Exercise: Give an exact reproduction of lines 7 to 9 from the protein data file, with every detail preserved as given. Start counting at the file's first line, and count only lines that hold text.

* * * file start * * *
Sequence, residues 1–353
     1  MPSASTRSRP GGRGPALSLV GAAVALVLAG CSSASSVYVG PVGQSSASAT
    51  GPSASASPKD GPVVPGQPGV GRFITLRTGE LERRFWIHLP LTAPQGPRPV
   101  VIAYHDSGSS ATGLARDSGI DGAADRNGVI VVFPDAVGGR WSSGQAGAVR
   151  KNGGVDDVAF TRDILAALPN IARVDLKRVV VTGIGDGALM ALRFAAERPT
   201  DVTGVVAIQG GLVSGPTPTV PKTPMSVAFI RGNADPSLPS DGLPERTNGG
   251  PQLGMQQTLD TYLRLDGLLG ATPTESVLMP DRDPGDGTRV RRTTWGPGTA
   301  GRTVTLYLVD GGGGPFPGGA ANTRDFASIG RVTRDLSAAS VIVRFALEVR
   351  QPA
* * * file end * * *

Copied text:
   251  PQLGMQQTLD TYLRLDGLLG ATPTESVLMP DRDPGDGTRV RRTTWGPGTA
   301  GRTVTLYLVD GGGGPFPGGA ANTRDFASIG RVTRDLSAAS VIVRFALEVR
   351  QPA